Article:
Anglo, BHP fail to make progress as deadline approaches

ANGLO American and BHP were struggling to reach agreement on a possible combination of the two companies with talks stuck on possible deal structure changes.

Bloomberg News and the Financial Times both reported on Tuesday night that Anglo continued to insist BHP’s plan to first unbundle Amplats and Kumba Iron Ore was too risky for its shareholders.

If Anglo were first to exit Amplats and Kumba it could leave the newly independent Johannesburg-listed companies to carry the cost of any concessions imposed by South Africa, reducing their value and ultimately penalising the current Anglo investors who would receive the shares in the spinoffs.

BHP has until 5pm London on Wednesday to commit to an offer, after Anglo agreed to extend a previous cut-off to allow for discussions.

The situation remains fluid and could change at any point, said Bloomberg News in its report. But with time running out, BHP will likely need another extension to the UK regulatory deadline to keep its bid alive, it said. As things stand, there’s no guarantee that Anglo will make that request, Bloomberg added citing people close to the talks.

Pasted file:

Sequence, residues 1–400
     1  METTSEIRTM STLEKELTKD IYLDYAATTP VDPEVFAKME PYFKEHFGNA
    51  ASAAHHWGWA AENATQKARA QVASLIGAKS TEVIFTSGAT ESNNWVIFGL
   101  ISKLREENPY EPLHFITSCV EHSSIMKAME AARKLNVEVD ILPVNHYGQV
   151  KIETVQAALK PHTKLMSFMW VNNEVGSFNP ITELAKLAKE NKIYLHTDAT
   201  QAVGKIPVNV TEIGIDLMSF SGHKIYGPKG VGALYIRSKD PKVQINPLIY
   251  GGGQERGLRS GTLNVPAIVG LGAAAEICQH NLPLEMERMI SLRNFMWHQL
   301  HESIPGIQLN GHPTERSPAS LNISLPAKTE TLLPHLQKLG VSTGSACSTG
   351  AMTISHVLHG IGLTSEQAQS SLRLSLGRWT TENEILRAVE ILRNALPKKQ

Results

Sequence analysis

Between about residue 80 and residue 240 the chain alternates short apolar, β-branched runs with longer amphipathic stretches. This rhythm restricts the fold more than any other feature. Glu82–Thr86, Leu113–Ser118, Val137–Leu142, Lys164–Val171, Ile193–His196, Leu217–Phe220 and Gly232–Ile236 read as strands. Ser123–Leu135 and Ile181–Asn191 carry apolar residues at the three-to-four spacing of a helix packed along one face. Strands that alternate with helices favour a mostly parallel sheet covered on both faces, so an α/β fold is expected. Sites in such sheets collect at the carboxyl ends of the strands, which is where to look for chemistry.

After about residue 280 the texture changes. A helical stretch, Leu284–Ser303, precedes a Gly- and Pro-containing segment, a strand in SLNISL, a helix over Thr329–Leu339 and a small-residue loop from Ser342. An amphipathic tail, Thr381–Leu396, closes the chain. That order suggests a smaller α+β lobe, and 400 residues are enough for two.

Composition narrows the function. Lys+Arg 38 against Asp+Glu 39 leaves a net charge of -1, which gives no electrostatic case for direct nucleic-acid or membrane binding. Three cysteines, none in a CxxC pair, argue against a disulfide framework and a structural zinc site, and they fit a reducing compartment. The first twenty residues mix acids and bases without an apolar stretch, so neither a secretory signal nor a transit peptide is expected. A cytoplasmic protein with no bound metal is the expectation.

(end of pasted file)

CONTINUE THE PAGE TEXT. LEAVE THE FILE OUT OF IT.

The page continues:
“Unless BHP has shown it is willing to compromise on the structure, I don’t see how Anglo’s board can recommend this offer,” said the Financial Times citing one person close to Anglo American. 

A BHP source told the newspaper: “What’s interesting here is Anglo hasn’t come out and said there is a fatal flaw to this transaction”.

Wednesday’s deadline, which was selected by Anglo, coincides with South Africa’s national election, adding an extra layer of political complexity, said the Financial Times. The newspaper contacted mines and energy minister Gwede Mantashe, who declined to comment.

“On balance, we believe the chance is that BHP bid fails, but it’s on a knife edge,” said Berenberg analyst, Richard Hatch in a report last week.

Were Anglo’s board to recommend BHP’s next offer – viewed now as more likely by New York bank Jefferies – there is still the chance of interloper participation. Who else might step in, the bank’s analysts asked?

“We have long believed that Glencore and Anglo make a compelling strategic combination, and it would be a surprise to us if BHP acquires Anglo without Glencore at least attempting to get involved in some way, shape or form,” it said.